March and April flew by in a buzz…or maybe I am just getting old? (I won’t admit that if pressed.) In the past couple of weeks, I have been working on a number of grant proposals on behalf of our club and we are often asked to describe what the North Shore Radio club does. On the one hand, there is a simple answer. I often turn to a statement in our By-Laws: “The Club is organized primarily for public service; educational and scientific purposes to advance the art and science of amateur radio communication provide educational programs of interest in the technical aspects of amateur radio and provide disaster, emergency or public service amateur communications without pecuniary gain.” That about says it all! Right? Or does it? I have always been intrigued by the line “scientific purposes” because we don’t discuss that very much and I have been told that phrase was included to satisfy some legal requirement to qualify us as a not-for-profit (sidebar…I have to tell you, I am forever grateful for the incredible work done by our club’s forefathers. They did things right for us…and we enjoy the benefits. To apply for not-for-profit status today is a rigorous course.) So, back to that science line, I have been reflecting back on some of the things that Kermit Carlson mentioned about how we will be inheriting some new frequencies that will soon be made available. For years, hams have pioneered new ways to use some of the frequencies that others have discarded or the world felt was useless. Of course, because of that, we are now seeing some of our more valuable real estate being deeded back for commercial products. Fact is, this is one aspect of our heritage that we can be most proud, and one that I am eager for us to do more. I enjoy exploring various ways to test or create new communication modes… makes me wonder, if we should teach the scientific process along the way? I have benefited greatly from the Elmering others have shown me on how to trace down a bad circuit or try out some new software. There is a method to all of this stuff.
Exactly what is amateur radio? Now that is the more complicated part of the question. I re-Tweeted a post recently about the difference between an amateur and a professional. We seem generally nagged by the “amateur” in our collective name, even though it is meant to suggest the name for an unpaid devotee. The passion for our work generally is no different from a pro, and perhaps that is why so many of us use the term, “ham radio” instead of amateur radio? I don’t know. I am heartened to see that many of the official public service organizations have come around to really giving ham radio a seat at the table again. FEMA and others have acknowledged the potential benefits of supporting the ham community – it is up to us to do the work to earn a place at the table. Fortunately, today, there are many more opportunities for those inclined to public service. Still, I get the question often, what is ham radio? Do you still do ham radio? Is it valuable even in these times with such robust cell phone coverage? (Well, you all know the answer to that, I hope). Explain what this hobby is to someone who is not a techie (and that might be almost anyone) and you quickly realize it is not easy. It is a hobby, a public service, a way to learn, a way to spend excess money…but it is also a great way to meet smart, engaged people from all walks of life. What other activities bring people from so many different walks of life together? Doctors, lawyers, accountants, plumbers, police officers, heck, even rock stars all enjoy ham radio? What is the attraction to this hobby? I suspect we all have our own answer to that question, but, I would love to know. Drop me a line and tell me what makes this hobby work for you.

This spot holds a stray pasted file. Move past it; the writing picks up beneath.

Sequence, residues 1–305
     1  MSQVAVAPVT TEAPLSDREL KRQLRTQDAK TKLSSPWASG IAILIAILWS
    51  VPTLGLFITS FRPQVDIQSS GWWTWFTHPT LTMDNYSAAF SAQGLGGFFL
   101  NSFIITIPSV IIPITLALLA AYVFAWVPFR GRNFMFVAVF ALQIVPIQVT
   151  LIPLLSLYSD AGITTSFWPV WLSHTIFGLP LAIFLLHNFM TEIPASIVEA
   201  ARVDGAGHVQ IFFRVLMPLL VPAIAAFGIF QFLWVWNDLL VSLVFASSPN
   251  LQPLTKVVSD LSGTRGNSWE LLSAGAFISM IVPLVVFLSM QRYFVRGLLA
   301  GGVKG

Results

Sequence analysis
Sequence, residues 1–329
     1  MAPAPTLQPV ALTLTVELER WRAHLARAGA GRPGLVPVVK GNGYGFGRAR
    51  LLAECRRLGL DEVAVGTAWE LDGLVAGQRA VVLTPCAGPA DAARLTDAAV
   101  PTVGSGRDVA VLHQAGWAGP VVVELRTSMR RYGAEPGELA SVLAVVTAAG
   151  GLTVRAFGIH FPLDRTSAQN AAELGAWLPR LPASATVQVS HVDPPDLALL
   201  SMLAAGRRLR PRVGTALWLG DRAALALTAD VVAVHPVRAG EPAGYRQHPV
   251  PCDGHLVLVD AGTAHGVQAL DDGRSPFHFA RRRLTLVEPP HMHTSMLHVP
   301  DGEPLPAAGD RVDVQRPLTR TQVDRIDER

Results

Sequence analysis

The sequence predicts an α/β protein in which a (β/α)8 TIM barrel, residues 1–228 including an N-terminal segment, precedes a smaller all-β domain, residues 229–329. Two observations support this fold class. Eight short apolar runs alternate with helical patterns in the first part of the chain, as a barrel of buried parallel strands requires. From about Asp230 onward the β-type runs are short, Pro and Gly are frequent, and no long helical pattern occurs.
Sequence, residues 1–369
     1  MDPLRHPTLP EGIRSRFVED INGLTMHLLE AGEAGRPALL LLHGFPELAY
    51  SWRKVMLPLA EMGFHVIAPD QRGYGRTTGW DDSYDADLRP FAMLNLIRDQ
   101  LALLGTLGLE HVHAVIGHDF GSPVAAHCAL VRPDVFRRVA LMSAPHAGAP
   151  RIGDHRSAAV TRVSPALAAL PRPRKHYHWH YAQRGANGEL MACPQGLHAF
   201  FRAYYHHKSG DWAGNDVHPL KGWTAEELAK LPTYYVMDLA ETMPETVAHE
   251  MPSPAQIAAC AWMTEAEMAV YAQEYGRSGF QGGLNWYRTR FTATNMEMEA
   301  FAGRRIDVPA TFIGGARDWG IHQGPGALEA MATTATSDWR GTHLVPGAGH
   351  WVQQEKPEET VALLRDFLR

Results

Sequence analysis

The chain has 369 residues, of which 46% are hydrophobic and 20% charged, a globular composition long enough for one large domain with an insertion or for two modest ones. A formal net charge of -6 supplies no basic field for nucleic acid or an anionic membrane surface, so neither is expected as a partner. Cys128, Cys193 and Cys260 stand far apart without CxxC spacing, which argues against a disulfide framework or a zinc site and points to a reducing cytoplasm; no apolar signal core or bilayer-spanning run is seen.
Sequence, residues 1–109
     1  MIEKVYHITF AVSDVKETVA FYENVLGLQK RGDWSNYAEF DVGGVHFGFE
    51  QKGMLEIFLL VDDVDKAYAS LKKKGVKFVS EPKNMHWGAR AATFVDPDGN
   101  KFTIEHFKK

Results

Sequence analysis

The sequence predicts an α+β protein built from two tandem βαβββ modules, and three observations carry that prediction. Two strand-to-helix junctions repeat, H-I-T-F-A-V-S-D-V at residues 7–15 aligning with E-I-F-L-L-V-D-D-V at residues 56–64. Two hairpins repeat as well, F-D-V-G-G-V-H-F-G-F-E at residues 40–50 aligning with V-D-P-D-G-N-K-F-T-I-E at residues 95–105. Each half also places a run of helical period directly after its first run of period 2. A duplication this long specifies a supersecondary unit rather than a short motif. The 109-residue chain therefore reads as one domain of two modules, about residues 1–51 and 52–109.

73, Rob K9RST